Especially not after Douglas loses his agency in the third act.

But the script’s still good. It’s a complete mess, plotting-wise, but the scenes are great. The pacing is great. And Hanson knows how he wants to shoot the conversations. There’s a lot of beautiful direction, with outstanding photography from Dante Spinotti. Cool but warm photography, intense but natural. It’s a great looking film. Dede Allen’s editing is great, especially since Hanson’s composing these wide Panavision shots and the cuts between angles ought to be jarring. They’re not. They’re perfectly timed. Sublimely timed. Solid music from Christopher Young, mostly emphasis stuff. There’s a great soundtrack for the film, including an original Bob Dylan song. Though it’s hard to imagine any of the Wonder Boys listening to Bob Dylan.

Going through the acting again. Douglas and Maguire are phenomenal. McDormand’s great. Downey’s good. Rip Torn’s fun. Holmes gets a crap part. Richard Thomas gets cast way too perfectly as a cuckold.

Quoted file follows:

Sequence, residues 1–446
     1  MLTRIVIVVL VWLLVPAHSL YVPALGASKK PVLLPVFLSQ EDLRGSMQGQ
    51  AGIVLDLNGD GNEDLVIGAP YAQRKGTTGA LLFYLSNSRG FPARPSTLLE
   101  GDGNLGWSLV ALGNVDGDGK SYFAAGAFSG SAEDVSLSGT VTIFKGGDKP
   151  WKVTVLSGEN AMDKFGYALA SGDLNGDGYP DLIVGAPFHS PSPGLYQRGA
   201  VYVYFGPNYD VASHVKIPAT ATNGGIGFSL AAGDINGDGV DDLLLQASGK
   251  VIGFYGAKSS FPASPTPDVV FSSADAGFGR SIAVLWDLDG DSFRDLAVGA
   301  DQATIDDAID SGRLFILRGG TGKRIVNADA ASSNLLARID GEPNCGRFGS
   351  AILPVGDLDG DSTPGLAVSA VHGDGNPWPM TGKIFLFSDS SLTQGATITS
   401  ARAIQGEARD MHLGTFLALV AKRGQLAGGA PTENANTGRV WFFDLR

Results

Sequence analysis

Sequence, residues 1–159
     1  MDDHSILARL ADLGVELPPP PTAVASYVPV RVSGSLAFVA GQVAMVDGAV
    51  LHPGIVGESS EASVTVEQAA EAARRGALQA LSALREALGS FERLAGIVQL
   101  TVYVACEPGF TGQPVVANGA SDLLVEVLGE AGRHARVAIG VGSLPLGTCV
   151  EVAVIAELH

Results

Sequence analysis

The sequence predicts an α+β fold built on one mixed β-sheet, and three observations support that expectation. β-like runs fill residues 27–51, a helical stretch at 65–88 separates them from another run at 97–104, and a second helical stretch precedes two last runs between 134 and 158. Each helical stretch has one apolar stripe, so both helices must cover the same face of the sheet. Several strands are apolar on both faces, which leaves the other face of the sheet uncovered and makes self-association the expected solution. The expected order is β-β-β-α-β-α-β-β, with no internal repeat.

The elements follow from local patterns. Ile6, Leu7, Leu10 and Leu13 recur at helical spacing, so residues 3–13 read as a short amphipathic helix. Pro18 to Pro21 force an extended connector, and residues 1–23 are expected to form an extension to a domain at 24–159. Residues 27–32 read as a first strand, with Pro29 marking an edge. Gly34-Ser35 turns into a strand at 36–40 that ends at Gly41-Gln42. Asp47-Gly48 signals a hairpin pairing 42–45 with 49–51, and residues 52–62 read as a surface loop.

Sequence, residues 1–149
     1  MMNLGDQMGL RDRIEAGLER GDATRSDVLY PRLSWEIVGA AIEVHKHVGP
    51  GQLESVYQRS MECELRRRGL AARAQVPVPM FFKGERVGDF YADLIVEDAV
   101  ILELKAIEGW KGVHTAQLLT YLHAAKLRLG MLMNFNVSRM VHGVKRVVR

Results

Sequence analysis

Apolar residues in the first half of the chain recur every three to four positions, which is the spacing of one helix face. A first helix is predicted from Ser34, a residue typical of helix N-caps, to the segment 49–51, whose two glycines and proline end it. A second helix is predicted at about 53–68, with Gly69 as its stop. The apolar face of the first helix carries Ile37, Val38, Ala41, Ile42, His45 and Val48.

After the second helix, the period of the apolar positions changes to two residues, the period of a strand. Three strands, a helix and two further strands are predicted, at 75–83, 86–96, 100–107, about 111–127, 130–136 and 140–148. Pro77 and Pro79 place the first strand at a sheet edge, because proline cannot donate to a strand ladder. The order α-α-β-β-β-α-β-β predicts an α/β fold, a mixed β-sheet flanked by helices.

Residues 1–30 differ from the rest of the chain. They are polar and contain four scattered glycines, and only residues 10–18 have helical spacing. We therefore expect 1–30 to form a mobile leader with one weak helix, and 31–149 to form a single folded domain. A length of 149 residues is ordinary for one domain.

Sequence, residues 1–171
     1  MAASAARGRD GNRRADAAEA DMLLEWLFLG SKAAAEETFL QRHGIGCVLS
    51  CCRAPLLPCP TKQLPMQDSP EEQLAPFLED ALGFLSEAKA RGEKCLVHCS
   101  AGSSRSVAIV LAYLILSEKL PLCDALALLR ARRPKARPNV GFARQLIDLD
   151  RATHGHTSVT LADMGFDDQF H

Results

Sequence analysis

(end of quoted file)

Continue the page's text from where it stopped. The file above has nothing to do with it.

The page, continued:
Wonder Boys is, problems and all, outstanding. It’s just frustratingly close to exceptional and when Hanson and Kloves so completely bungle the third act… it takes some real damage. But it’s still outstanding though. And Douglas and Maguire’s performances are exceptional… the parts just don’t end up being so.

3.5/4★★★½

CREDITS

Directed by Curtis Hanson; screenplay by Steve Kloves, based on the novel by Michael Chabon; director of photography, Dante Spinotti; edited by Dede Allen; music by Christopher Young; production designer, Jeannine Oppewall; produced by Hanson and Scott Rudin; released by Paramount Pictures.

Starring Michael Douglas (Grady Tripp), Tobey Maguire (James Leer), Frances McDormand (Sara Gaskell), Robert Downey Jr. (Terry Crabtree), Katie Holmes (Hannah Green), Rip Torn (Q), Richard Knox (Vernon Hardapple), Jane Adams (Oola), Alan Tudyk (Traxler), and Richard Thomas (Walter Gaskell).